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UAF Researchers Look at Alaska Frogs that Survive Extreme Cold

Canadian Geographic

Researchers studying wood frogs have discovered the little vertebrates are able to survive incredibly cold temperatures.  

Alaska’s interior is home to wood frogs.  These amphibians create a hibernaculum, or a shelter occupied during the winter.  These shelters can sometimes remain at temperatures below freezing for more than six months with minimum temperatures of minus four degrees. 

University of Alaska Fairbanks graduate student Don Larson says the frogs his report focused on lives from West Virginia to past the Arctic Circle.  He says it was known that these frogs could survive brief periods of freezing with ice forming around their cells.

“They do this by two things, they make urea, the stuff we pee out and they also convert sugar in their liver and pump glucose all around their body. They put the sugar in their cells to prevent any damage from ice forming and to help their cells survive winter.”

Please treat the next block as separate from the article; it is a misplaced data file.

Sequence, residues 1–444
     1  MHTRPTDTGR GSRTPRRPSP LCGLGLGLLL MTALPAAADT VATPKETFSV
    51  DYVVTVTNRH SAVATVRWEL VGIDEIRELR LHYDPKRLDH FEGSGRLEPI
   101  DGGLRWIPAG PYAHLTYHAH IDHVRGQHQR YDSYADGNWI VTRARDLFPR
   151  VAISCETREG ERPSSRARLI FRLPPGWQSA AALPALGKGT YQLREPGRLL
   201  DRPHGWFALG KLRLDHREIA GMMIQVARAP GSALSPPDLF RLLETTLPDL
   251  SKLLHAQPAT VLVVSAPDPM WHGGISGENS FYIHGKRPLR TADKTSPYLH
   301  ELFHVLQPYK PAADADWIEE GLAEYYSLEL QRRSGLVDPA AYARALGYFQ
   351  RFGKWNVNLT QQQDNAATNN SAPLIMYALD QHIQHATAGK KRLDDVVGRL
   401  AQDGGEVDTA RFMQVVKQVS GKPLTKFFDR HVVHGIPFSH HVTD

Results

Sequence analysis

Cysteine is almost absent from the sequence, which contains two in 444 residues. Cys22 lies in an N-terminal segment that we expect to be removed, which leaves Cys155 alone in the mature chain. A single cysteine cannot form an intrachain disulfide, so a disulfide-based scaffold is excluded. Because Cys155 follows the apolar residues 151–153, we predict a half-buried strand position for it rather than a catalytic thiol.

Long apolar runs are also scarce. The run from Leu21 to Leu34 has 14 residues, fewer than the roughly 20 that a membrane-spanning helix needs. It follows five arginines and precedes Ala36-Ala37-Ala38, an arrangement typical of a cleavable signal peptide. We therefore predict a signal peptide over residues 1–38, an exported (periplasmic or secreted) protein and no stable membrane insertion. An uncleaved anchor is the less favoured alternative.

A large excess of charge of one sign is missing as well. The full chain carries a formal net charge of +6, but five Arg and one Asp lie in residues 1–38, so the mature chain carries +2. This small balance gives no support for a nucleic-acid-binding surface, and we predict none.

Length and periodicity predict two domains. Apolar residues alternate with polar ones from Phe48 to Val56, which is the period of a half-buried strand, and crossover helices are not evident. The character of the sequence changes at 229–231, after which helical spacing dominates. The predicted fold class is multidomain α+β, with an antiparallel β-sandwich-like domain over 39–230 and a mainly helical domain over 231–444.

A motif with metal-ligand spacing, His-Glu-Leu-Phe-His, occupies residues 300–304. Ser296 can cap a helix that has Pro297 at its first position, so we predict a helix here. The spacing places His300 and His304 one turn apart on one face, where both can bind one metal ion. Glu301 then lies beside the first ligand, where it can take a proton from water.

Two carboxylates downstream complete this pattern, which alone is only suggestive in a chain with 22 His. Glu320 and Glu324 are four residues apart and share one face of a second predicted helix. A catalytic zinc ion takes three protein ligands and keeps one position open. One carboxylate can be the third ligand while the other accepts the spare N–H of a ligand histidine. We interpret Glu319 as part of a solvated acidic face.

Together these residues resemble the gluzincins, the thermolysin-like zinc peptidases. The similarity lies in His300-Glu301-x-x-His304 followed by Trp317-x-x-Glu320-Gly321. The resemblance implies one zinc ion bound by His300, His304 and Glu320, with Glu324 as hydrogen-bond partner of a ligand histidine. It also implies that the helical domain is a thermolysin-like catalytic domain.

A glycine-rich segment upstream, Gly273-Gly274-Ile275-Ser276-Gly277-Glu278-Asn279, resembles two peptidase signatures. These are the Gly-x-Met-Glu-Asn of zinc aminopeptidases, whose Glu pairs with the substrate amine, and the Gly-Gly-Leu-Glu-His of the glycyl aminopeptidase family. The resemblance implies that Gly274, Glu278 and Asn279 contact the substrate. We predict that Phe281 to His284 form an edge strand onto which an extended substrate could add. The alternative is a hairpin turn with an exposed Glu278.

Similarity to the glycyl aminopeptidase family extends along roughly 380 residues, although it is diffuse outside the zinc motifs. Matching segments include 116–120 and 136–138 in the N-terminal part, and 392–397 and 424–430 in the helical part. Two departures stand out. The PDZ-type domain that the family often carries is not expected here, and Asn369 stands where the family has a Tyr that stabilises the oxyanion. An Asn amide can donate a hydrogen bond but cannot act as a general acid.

Larson says the reason he wanted to look at these frogs is because the common scientific belief was that wood frogs could not survive very long frozen and not at very low temperatures.  The researchers tracked frogs with radio transmitters in the wild, frogs in an enclosed area at UAF and lab frogs.   

“What we found was wood frogs in Alaska are much heartier than we predicted. Wood frogs last longer, they lasted almost seven months frozen, to lower temperatures, negative 20 Celsius and they all survived. So in the lab when we tried to replicate these studies we had massive die off. But with our wood frogs we had high levels of survival and they had more chemicals that they use to survive in our frogs outside than we’ve ever seen in lab frogs. 10 times more sugar in our frogs in Alaska than our laboratory frogs.”

The implications, Larson says, definitely cross over to humans.  The study of how these frogs are able to survive the cold for so long could help with organ transplants and, in the long run, cryogenics.